Stories from the Stringam Family Ranches of Southern Alberta

From the 50s and 60s to today . . .

Friday, August 7, 2020

Berry Good Pies

It's that time again! Berry season!

The sweetest part of the summer.
And it brings back so many memories...

On the prairies, pies come in two forms.
The edible.
And the inedible.
One kind is made from prairie fruit.
The other comes from cows.
One smells wonderful.
The other . . . doesn't.
You must choose carefully.
Just FYI.
Sooo . . . prairie fruit.
This comes in the form of raspberries, strawberries, some apples, chokecherries and saskatoons.
The first three are grown mostly in gardens.
The latter two, in the creases and folds of the landscape near water.
The first three can be picked at any time during the summer, as they ripen.
The last two need planning.
Especially the saskatoons.
Their picking requires a family adventure.
And that's where the fun comes in.
Sometime in the summer, Mom's stack of pails would magically appear.
It was the signal for all of us kids to quickly get into our swimming suits because we were making a trip to the river to pick berries and go for a swim.
The best of times.
Mom had several favourite berry-picking spots.
All of them thick with bushes.
And none of them near our house.
She would load us, our pails and our towels, into the car.
And in a cloud of dust, we were off.
The saskatoon bushes started at the top of the cliff.
And grew downward.
Toward the river.
You had to move carefully.
And hang on.
Like little goats, we would scamper all over those bushes.
And . . . well, let's just stick with picking.
Mom's plan was always to have each of us fill a bucket.
Simple enough.
If kids hadn't also come equipped with mouths.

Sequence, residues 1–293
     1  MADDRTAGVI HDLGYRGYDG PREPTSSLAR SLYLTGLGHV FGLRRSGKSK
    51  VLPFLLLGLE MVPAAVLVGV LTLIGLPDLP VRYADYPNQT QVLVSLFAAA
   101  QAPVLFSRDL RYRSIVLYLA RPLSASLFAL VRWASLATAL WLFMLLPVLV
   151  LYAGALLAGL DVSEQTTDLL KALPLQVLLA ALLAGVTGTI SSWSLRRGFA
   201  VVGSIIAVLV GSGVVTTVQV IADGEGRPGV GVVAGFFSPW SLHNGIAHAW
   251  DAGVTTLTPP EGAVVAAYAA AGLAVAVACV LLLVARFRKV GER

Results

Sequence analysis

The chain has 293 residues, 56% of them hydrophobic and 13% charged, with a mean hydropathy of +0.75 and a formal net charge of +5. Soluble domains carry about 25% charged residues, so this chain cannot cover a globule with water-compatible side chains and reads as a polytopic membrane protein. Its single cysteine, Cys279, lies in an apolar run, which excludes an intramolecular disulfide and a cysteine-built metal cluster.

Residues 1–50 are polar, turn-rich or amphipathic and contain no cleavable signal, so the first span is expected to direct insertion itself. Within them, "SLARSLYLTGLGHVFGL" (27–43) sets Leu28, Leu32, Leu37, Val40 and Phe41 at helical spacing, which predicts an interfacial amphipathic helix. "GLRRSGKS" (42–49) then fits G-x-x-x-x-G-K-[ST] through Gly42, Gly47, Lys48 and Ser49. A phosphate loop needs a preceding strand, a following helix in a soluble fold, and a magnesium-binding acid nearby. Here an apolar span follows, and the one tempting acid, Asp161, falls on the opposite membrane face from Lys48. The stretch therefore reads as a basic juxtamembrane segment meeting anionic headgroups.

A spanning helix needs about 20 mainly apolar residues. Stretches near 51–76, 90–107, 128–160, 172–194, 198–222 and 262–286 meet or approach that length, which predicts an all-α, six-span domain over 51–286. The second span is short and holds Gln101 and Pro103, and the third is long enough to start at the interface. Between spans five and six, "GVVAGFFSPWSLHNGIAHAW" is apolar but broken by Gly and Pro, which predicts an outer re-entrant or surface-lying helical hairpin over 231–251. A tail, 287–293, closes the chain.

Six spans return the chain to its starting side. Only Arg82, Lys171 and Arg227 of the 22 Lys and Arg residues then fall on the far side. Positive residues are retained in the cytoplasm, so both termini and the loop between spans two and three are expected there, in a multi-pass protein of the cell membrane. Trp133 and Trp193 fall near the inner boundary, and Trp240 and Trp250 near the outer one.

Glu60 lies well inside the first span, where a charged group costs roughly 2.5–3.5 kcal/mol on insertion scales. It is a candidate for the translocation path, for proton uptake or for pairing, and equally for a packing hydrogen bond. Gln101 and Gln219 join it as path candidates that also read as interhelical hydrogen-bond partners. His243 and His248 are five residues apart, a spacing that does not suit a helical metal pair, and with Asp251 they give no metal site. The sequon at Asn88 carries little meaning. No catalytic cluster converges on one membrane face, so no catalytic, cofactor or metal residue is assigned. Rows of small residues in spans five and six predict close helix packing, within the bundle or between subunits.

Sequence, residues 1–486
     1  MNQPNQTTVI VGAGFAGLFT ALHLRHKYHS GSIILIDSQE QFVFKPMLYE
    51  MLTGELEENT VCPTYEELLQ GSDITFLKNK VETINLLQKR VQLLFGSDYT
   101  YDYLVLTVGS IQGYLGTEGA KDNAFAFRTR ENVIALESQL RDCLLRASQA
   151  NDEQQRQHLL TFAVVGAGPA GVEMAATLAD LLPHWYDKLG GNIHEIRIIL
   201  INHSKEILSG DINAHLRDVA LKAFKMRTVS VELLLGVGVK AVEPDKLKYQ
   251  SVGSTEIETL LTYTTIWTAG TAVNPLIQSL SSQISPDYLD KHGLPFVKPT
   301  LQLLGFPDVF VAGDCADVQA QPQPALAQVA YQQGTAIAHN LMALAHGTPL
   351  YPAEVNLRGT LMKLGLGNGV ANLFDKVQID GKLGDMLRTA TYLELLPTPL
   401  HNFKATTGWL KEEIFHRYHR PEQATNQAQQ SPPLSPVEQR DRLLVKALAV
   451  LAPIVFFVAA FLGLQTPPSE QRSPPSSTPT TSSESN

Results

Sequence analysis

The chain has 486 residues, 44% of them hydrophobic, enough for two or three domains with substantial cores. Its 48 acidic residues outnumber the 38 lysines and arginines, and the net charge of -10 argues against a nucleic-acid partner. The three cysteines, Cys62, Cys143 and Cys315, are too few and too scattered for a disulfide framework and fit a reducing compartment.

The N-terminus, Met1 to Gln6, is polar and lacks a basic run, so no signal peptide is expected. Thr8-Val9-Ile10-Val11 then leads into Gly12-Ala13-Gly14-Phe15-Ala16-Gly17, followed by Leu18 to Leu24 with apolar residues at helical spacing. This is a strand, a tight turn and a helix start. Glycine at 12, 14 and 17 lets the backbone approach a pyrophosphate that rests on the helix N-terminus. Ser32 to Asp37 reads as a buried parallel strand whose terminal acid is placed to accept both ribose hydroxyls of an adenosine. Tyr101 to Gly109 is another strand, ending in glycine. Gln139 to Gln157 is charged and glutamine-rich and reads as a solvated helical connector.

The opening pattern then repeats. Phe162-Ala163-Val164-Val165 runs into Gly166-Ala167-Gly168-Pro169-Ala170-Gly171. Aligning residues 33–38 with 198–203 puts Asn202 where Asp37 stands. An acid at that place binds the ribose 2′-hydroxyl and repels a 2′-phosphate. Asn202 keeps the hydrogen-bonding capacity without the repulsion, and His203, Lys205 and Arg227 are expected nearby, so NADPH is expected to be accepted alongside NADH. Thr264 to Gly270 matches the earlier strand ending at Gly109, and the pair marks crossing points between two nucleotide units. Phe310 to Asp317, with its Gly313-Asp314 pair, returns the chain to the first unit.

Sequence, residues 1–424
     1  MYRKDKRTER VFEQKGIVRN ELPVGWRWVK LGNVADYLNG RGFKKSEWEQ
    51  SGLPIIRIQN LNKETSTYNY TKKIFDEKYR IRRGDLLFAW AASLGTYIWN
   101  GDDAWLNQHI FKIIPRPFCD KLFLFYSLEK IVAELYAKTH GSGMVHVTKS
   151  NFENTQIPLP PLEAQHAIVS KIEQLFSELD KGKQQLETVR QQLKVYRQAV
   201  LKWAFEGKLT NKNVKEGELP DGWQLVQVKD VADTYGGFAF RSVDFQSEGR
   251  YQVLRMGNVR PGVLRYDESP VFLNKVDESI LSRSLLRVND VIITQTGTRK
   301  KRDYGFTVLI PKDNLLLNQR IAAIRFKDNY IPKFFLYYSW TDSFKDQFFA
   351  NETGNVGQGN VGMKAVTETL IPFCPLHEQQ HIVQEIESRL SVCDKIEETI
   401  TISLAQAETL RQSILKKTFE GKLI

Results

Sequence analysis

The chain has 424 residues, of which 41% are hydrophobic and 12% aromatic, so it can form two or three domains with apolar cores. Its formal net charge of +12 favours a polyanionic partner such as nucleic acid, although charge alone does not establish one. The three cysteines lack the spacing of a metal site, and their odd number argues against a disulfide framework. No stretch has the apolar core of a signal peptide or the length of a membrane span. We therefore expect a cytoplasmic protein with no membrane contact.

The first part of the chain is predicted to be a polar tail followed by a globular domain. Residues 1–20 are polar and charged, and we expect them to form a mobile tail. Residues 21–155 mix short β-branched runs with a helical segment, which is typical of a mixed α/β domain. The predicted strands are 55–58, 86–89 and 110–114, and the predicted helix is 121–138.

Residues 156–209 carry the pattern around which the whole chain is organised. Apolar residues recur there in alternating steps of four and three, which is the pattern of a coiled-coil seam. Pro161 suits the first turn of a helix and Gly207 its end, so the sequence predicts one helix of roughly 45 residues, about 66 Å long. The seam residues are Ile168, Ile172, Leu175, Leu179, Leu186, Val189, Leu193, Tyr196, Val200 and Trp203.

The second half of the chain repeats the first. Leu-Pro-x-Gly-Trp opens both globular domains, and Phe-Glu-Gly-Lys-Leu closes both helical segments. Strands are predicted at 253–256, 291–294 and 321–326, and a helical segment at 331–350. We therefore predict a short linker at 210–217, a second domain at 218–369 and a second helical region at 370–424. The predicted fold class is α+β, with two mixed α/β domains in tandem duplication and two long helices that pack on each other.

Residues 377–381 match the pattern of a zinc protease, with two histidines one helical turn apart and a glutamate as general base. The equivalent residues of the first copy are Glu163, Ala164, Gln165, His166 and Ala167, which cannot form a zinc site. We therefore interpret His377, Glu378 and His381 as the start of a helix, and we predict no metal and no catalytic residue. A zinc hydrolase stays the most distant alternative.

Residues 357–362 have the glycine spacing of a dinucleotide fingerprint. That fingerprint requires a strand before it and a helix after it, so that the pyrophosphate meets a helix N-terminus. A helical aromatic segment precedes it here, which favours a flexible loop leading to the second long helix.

One handful into the bucket.
One handful into the mouth.
And so it went.
After a while, each of us would have half a bucket of berries.
A blue mouth.
And full tummy.
With the hot, summer sun shining down, the smell of baking sage and grass in ones nostrils, and one's family gathered around, it was pure heaven.
Then we would swim.
And to top it off, fresh saskatoon pie when we got home.
Did I mention the best of days?

P.S. Picking chokecherries wasn't nearly as much fun.
For one thing, they are SOUR.
But they make the nicest syrup.
And that is another story...

And now, my berry pickers!

Thursday, August 6, 2020

Dramatically Wounded

My little soldier.
My kids belong on a stage.
Case in point:
It was a hot, sunny, summer afternoon.
We sometimes get those in Edmonton.
Seven-year-old Erik was riding his bike on the sidewalk.
Along a street that closely resembled the frenetic scramble of frantic ants when someone has stirred up their nest.
Dozens of neighbourhood kids of every size and variety screamed/shouted/laughed.
Scenarios were being enacted.
Dares carried out.
Counter-dares being proposed.